In October, I had the great pleasure of visiting the Champagne region and teaching a course on U.S. Trademark Law at the University of Reims’ Wine & Law Program. The University of Reims’ Wine & Law Program is directed by Professor Theodore Georgopoulos and consists of a full-year program (Master’s Degree) along with a summer program. (This year, the program was actually held in the fall which, as I quickly discovered, is a most excellent time to visit the Champagne region.) The first summer school program was held during the summer of 2010 and, each year, the Program has a different session title or focus. The Program takes place in Reims, in the heart of the Champagne region of France, making it an ideal location for students looking to learn more about Champagne in addition to wine law. The Program is a always a good mix of academia and educational extracurricular activities.
This year, the Program focused on Trademarks and Geographical Indications in the wine and spirits indsutry and explored this topic in the context of EU, Australian, and U.S. law. Courses examined concepts like how international trade agreements play a role with GIs, wine marketing and promoting GIs and trademarks, the protection of geographical indications, and trademark law (from EU, U.S., and Australia perspectives). Faculty included Professor Theodore Georgopoulos, Professor Stephen Stern, Professor Steve Charters, Professor Stefan Martin, and myself.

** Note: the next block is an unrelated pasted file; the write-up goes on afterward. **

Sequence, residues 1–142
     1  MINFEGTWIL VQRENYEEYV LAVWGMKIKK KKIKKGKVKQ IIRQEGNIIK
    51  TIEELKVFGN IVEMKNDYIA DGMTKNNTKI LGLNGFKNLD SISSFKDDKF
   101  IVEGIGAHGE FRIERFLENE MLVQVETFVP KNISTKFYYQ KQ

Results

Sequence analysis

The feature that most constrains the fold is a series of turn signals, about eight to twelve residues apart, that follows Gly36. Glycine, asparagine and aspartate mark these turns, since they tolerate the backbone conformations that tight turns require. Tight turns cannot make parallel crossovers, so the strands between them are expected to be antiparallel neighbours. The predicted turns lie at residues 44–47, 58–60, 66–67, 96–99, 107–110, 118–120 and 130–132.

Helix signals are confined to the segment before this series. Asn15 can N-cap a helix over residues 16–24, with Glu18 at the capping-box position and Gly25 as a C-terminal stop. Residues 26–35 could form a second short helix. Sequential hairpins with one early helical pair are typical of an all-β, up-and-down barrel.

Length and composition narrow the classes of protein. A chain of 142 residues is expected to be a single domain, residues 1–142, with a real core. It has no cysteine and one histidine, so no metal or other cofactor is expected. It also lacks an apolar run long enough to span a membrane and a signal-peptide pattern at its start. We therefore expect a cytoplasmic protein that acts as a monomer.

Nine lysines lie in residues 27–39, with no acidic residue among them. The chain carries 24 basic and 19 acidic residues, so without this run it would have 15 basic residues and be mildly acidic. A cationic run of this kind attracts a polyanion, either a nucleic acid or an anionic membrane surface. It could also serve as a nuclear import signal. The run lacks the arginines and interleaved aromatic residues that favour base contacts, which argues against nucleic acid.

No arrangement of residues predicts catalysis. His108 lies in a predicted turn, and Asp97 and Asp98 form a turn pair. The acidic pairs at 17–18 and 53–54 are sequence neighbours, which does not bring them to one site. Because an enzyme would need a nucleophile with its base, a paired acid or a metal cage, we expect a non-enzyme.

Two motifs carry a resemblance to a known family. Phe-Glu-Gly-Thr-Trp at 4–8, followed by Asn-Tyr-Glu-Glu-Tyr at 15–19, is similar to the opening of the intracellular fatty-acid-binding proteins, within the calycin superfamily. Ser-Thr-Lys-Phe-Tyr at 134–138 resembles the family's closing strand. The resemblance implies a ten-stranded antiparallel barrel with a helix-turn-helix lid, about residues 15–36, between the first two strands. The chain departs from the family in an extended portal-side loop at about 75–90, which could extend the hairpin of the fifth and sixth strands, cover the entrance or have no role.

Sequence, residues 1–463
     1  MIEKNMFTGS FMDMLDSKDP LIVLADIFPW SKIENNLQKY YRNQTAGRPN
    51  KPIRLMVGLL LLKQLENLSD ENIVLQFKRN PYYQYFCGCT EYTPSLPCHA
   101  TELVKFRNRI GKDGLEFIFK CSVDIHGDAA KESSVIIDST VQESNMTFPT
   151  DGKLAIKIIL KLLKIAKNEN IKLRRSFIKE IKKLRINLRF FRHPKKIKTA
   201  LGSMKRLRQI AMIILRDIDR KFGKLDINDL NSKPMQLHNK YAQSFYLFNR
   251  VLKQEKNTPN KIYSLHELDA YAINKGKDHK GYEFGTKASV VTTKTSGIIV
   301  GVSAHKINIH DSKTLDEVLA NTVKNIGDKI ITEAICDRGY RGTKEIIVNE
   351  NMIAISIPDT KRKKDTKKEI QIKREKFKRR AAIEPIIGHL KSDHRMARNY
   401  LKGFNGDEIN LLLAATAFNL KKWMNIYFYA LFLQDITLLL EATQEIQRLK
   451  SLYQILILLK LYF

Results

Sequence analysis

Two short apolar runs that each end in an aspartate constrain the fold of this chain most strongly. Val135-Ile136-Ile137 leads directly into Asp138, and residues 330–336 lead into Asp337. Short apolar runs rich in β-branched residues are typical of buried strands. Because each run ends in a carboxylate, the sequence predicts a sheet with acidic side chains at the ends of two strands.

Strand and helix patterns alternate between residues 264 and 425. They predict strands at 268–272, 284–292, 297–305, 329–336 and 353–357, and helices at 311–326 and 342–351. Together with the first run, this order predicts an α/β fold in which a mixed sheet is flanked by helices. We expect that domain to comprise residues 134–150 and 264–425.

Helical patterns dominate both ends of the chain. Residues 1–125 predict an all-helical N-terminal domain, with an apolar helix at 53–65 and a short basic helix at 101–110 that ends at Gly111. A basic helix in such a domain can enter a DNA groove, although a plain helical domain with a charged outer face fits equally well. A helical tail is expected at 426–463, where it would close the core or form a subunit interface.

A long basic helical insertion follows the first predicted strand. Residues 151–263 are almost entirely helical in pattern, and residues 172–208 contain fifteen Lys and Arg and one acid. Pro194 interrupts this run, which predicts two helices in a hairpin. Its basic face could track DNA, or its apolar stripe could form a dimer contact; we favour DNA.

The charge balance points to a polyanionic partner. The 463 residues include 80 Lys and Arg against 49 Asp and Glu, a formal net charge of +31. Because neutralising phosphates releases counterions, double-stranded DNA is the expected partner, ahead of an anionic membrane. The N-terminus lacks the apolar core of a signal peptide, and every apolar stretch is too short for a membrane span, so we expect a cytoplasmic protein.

The Program included visits to the Mont d’Hor Domain in Saint-Thierry, the production premises of Moët and Chandon in Montaigu, a lecture at the Comité Interprofessionnel du vin de Champagne, Krug Champagne House, and a visit to the caves of Veuve Clicquot in Reims. The program concluded with the graduation cocktail at the Veuve Clicquot property in Reims, which included a tour of the caves and The Annual Global Wine Law Lecture.